The 1989 baseball season ended with disaster. At 5:04 p.m. on October 17 in San Francisco's Candlestick Park -- just a half-hour before game three of the 1989 World Series -- fans and players felt a vibration. For a few seconds, they didn't know what to make of the tremors, but then the reality dawned: Earthquake.
When the quake ended, Candlestick Park was still intact -- there were even plans to start the game on time. That was, of course, before the billions of dollars of damage began to unfold. The earthquake measured 7.1 on the Richter Scale, the largest in San Francisco since an 8.3 in 1906.
As the disaster became evident, commissioner Fay Vincent postponed game three indefinitely, putting the contest into perspective by calling the World Series "our modest little sporting event."
The Bay Area earthquake was the biggest tragedy in a year filled with dark moments. In August, after months of investigation, Reds manager Pete Rose was banned from baseball for life for allegedly betting on his own team.
Commissioner Bart Giamatti died of a heart attack September 1. Baseball stars Wade Boggs and Steve Garvey made scandalous headlines when they were sued by women with whom they had affairs. And in December, Billy Martin was killed in a truck crash.
The turmoil overshadowed some impressive on-field performances, especially by relief pitchers. Virtually every team had a standout closer, and baseball's relievers totaled an unprecedented 1,079 saves. Among the stellar stoppers were San Diego's Mark Davis (44 saves, 1.85 ERA), Texas' Jeff Russell (38 saves, 1.98 ERA), and Oakland's Dennis Eckersley (33 saves, 1.56 ERA). Davis won the 1989 National League Cy Young Award, while Kansas City's Bret Saberhagen (23-6, 2.13 ERA) took the American League crown.
In a pitcher's year, San Francisco's Kevin Mitchell posted giant numbers (47 homers, 125 RBI). Mitchell was named 1989 National League MVP, while Milwaukee's Robin Yount (.318, 21 homers, 103 RBI) won his second American League MVP prize.
The Baltimore Orioles were the darlings of 1989. After losing 107 games in 1988, the "Baby Birds" hung in the 1989 pennant race until the final weekend, before bowing to Toronto.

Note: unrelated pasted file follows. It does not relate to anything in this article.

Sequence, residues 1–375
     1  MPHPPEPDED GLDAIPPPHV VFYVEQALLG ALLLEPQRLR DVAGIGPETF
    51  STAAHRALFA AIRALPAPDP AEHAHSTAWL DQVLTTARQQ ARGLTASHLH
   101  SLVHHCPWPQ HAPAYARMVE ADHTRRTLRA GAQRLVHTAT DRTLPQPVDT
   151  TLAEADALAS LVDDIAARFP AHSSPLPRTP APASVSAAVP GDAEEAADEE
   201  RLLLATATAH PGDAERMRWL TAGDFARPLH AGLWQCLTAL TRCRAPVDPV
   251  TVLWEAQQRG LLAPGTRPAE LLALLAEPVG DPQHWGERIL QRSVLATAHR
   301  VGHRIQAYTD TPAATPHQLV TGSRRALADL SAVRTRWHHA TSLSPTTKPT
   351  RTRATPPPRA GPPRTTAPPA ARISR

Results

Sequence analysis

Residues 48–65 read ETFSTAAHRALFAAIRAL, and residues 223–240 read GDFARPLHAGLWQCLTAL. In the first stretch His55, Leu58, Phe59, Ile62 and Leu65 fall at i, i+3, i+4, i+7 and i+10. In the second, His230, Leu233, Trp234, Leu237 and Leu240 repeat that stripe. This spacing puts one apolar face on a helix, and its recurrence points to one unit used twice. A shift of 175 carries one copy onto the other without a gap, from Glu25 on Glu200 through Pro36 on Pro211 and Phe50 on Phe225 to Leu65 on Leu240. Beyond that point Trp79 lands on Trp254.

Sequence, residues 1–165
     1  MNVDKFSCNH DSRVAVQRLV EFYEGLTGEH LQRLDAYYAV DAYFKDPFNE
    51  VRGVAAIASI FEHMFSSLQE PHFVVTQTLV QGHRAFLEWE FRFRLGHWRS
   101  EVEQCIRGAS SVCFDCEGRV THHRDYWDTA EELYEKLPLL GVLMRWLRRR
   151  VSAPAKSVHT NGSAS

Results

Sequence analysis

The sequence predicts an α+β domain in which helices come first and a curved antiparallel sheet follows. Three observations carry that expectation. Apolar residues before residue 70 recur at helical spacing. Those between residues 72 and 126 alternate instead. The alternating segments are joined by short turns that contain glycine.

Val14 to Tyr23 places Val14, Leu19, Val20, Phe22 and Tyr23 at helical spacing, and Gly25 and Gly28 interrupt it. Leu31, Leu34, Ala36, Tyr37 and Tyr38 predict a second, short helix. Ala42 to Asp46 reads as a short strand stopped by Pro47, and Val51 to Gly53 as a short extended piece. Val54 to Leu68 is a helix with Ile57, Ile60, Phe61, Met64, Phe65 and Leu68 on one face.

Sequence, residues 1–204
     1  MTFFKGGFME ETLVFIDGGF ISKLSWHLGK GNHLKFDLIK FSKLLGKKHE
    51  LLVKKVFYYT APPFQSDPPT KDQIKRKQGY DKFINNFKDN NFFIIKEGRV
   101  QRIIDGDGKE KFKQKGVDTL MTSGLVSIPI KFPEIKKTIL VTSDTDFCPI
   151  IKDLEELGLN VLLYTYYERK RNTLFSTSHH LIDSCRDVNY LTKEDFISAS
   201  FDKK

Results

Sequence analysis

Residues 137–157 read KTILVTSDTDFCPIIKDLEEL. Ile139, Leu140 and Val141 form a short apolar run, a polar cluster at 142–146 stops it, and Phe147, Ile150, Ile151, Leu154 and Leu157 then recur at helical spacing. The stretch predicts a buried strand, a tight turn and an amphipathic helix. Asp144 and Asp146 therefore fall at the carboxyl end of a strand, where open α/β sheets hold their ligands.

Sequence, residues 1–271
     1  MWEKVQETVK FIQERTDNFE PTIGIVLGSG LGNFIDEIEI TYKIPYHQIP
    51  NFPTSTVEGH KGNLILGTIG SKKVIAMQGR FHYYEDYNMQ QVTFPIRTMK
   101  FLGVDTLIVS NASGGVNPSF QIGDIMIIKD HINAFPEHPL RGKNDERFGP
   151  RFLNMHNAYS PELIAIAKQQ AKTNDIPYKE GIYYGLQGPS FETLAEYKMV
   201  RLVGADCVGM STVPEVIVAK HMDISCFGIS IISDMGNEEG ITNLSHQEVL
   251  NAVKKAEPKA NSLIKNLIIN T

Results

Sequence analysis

The playoffs, though, were dominated by just two men: San Francisco's Will Clark and Oakland's Rickey Henderson. Against Chicago in the NLCS, Clark set National League playoff records for batting average (.650), hits (13), extra-base hits (six), total bases (24), and slugging (1.200). Clark cracked a grand slam in game one, and won game five with a two-run, eighth-inning single.
Despite Clark's virtuosity, however, perhaps the best LCS performance ever belonged to Oakland leadoff man Henderson. In a five-game set against Toronto, Henderson won the first contest with a takeout slide, swiped four bases in game two, and powered two homers in game four. In all, Henderson led the series in runs (eight), on-base percentage (.609), slugging (1.000), home runs (two), RBI (five), total bases (15), and steals (eight, including a tiptoed non-slide into second which infuriated the Blue Jays).
Oakland dominated the first two games of the 1989 World Series, outscoring San Francisco 10-1. Ten days passed before game three was played, but it was the same story. The A's clubbed the Giants 13-7 and 9-6, completing the first Series sweep since 1976.
Dave Stewart, who started games one and three, was named MVP, but the award could have gone to Rickey Henderson (.474 average), Dave Henderson (.923 slugging percentage), Carney Lansford (.438 average), or Terry Steinbach (seven RBI).
See the next page for headlines and summaries of the top stories from the 1989 baseball season.
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